As a founding member of the Rolling Stones, Brian Jones was the public face of fast living and 60s counterculture. However, a chance encounter with a schoolboy has revealed that the legendary rocker had a more mundane side and was a committed train spotter.
Jones, who drowned in July 1969 at the age of 27 after succumbing to drink and drug addiction, had the surprising hobby of watching trains race by the platform, according to Nick Broomfield, whose new documentary looks at the life of the tragic rock star.
The new film, The Stones and Brian Jones, remembers the founder of the world’s longest-running rock and roll band and his legacy as the “heart and soul” of the group before his death.
In an interview about the documentary with the Spectator, Mr Broomfield, whose previous films include Kurt and Courtney and Whitney: Can I Be Me, told how as a 14-year-old schoolboy he once met Jones on a train.
Mr Broomfield said that while attending Sidcot school near Winscombe in Somerset, he met Jones, the band’s original leader, on a train and fell into conversation with him and discovered the guitarist and singer was a trainspotter.
“There were all these first-class carriages and he was sitting there by himself and I sort of banged on the window. He was very welcoming and said, ‘Come in’. I said, ‘Can I have your autograph?’ and he said, ‘Yeah’, then he said, ‘Sit down’.
“It was like he just wanted to have a chat. This was the time when the Stones were urinating on garage walls and all the rest of it, but they were like a great symbol of good behaviour for us lot.
“Then the big surprise was that he was really into trains and trainspotting, which was not something that I’d expected. He and Stu [Rolling Stones road manager Ian Stewart] would go and buy bits for their train sets when they were on tour, or go trainspotting together.”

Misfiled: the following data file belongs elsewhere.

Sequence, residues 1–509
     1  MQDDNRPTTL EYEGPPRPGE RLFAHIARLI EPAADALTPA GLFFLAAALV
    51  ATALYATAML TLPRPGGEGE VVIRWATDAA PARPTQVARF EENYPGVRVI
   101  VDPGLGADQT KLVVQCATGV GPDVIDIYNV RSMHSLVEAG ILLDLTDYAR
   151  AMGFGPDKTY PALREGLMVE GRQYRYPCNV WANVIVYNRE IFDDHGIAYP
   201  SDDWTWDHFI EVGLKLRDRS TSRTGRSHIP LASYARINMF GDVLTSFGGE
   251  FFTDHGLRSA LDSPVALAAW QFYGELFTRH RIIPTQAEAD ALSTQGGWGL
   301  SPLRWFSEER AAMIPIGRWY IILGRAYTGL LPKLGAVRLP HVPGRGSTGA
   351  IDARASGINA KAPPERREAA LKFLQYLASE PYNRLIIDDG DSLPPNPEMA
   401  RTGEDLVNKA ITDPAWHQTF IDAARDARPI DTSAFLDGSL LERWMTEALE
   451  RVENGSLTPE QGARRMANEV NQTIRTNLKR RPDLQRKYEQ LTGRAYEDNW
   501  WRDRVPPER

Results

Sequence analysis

While Jones’s hobby may have been little known at the time, he is among a number of high-profile rockers and musicians to take an interest in rolling stock. Rod Stewart has a passion for model railways and spent 23 years on an intricate model of a US city.
Pete Waterman, the music producer and songwriter who worked with Kylie and Rick Astley, as well as being a judge on Pop Idol, is also a huge fan of model railways.
While Brian Jones was sorely missed by the rest of the band following his death, he is often overlooked in documentaries and the legacy of the band who celebrated their 60th anniversary with a European tour last year.
Mr Broomfield said that Jones was initially the Rolling Stone who received the most fan mail but had been relegated in the history of the band.
“He barely got a mention in that series of Stones films that was done for their 60th anniversary last year,” he said.
Jones experimented with the open guitar tunings he learned from the American bluesmen, and passed on the knowledge to Keith Richards and can be heard in the 1964 Number One hit Little Red Rooster.
He is also credited with using the recorder to transform the 1967 classic into another chart-topping hit.
In the new film for BBC2, Bill Wyman, The Stones’ former bass player, tells how “he would just pick up anything that was handy and create something out of it that wasn’t there originally”.
Broomfield, who spent two-and-a-half years unearthing all this material, said he had no interest in approaching streaming companies Netflix or Amazon to fund the film.
“Netflix are incredibly conservative and their first question would be, ‘Has the band signed off on this?’ If you said, ‘Well, no actually, because I’m going to make something that’s unauthorised’, they would tell you to take a running jump.”
On the BBC’s approach to the documentary, he added: “They rather like it when it’s not authorised and it’s going to be a much more honest, unblinkered look at something.”